All things environmental

Musings about the environment and all it touches, from education to city planning

Environmental crimes in exotic locations

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Environmentalists are supposed to be serious folks, purpose driven, with no time for frivolities.

That may be true for some – movement leaders, hairshirt prophets.  But for most of us, well, no.  We’re as frivolous as anybody else.

I like to read crime novels – so shoot me!  Guaranteed to waste time, no redeeming value as “great literature” (something to brag about and sound sooooo cultured), and really dangerous as a method of work avoidance, especially if you have a deadline looming (like now, for me – but that’s a different story).  A good crime story is comfort food for the brain.

But sometimes there is something jarring in these novels, when the author gets a detail about the environment, or environmentalists, completely wrong.  This is when the believability of the story is destroyed, and as a readeer I feel I’ve been taken for a ride by a lazy writer.  So much for comfort food – someone has replaced my mozzarella with processed cheese slices.  Ick.

So I thought I’d mention two recent reads that I’ve come across, and that are totally satisfying.  They both feature an environmental crime – some instance of illegal dumping – and portray it quite well.  The main story has to do with murders, committed to cover tracks, not with the environmental degradation; but the environment is always present, in the background, and that presence helps in rooting the stories in reality.

One of the books is Donna Leon’s Death in a Strange Country (1993).  Leon is an American writer living in Venice (Italy, not California!) and this is where she sets all her stories.  The body of an American is found floating in a canal.  As the story progresses, it becomes clear that this is a murder, not an accident; and that the murder has been cleverly disguised to pass for the result of a random mugging.  Inspector Brunetti is then confronted with a second murder, apparently unrelated; but any reader of crime novels knows the formula: there is a conspiracy, and in this case murders are committed by powerful criminals connected with influencial politicians to cover up lucrative toxic waste dumping.  (And that is well researched: little science presented, but the stubborn skin rashes and fatigue produced in kids that come in contact is well portrayed.)  Well researched and utterly believable.  A reviewer has compared Brunetti to Simenon’s Maigret: a charismatic, caring character used a vehicle to describe Venitian society.  A gem of a book.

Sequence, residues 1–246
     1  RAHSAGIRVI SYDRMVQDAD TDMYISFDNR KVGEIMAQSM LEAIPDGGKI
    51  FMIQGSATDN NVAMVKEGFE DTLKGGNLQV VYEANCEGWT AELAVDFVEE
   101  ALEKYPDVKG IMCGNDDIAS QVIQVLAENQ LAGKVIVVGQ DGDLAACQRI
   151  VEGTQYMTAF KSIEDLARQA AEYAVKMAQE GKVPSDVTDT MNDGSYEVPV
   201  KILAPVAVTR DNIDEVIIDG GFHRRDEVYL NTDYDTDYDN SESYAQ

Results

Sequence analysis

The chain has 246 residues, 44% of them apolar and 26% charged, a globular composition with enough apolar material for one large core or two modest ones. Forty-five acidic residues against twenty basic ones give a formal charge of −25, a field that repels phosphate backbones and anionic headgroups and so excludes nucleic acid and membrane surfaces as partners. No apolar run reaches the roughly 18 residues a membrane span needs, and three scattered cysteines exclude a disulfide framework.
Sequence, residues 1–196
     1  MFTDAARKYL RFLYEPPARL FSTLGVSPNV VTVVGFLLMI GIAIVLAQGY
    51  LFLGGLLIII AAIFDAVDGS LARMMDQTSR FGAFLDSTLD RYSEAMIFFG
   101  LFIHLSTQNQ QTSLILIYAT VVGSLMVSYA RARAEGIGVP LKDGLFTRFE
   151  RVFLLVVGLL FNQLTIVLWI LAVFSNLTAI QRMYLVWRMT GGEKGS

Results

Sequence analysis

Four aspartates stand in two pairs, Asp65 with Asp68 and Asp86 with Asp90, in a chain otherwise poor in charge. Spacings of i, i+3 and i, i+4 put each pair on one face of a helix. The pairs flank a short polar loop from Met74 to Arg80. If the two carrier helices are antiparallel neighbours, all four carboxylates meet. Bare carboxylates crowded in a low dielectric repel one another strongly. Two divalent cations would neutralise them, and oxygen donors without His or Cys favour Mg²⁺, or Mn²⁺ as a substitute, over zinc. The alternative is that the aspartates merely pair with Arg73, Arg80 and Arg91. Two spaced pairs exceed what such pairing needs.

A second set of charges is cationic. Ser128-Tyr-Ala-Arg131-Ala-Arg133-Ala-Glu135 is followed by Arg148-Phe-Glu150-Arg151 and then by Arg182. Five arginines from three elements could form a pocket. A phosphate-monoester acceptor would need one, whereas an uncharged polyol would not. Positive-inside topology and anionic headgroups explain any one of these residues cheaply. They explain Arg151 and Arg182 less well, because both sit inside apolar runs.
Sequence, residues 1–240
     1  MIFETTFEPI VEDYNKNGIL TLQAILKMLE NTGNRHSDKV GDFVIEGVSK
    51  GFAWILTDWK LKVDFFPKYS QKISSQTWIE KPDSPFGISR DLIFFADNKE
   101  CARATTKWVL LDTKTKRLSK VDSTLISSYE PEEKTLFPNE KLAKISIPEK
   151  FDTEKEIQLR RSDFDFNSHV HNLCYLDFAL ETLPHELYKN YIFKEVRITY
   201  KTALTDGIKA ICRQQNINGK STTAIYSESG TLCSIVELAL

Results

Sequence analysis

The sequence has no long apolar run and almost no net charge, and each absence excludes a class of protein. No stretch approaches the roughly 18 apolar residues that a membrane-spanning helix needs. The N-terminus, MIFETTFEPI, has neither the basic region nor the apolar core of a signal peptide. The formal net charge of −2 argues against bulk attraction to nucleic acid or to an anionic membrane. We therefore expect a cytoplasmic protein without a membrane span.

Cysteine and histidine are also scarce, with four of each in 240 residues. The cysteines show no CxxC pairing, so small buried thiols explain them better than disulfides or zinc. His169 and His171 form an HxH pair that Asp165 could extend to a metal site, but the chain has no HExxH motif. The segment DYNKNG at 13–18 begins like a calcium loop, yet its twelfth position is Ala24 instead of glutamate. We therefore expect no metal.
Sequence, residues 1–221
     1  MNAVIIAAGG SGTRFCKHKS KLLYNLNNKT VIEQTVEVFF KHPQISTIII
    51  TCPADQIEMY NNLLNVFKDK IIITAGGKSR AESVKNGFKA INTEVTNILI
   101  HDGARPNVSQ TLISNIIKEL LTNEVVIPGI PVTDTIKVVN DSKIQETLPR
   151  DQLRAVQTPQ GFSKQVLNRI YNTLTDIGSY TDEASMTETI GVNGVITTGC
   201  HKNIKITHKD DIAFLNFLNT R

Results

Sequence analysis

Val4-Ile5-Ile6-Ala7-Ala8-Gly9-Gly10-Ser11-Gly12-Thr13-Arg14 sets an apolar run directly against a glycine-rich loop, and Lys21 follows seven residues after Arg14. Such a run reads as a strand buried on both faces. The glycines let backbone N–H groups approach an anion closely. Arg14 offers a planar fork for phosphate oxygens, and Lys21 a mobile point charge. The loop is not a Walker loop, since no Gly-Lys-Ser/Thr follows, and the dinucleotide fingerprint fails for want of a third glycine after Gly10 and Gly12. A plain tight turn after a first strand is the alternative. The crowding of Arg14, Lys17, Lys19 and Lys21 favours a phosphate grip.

The other one, the 2009 Don’t Cry, Tai Lake is from a Chinese American author, Qiu Xialong, who sets his stories in 80s and 90s China.  Inspector Chen, on holidays at beautiful Tai Lake, becomes unofficially involved in a murder investigation.  The top boss of a chemical state firm stood to make millions after listing the company on the nascent Chinese stock exchange – but his lifeless body is found on the eve of doing so.  Inspector Chen discovers unsettling clues that contradict the official story, and has to dodge powerful politicos as the extent to which the company itself has dodged regulations and polluted the lake become clear.  Beautifully crafted, and an great portrait of the transition era, the book is lot of fun.

The surprise is that it (and its author) aren’t better known.  My sister introduced me to this author, and my copy is in French, proudly displacing a sticker “Prix du Meilleur Polar 2011” (best crime novel 2011).  None of the second hand book dealers I asked had ever heard of him – I guess he made it big in translation, but not in the original English.  It’s a shame – it really deserves a wide readership.  (And, yes, Xialong gets the environmental issue right, and thankfully he doesn’t dwell on it.) Another great book.

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Written by enviropaul

October 21, 2011 at 11:16 am

Posted in Uncategorized

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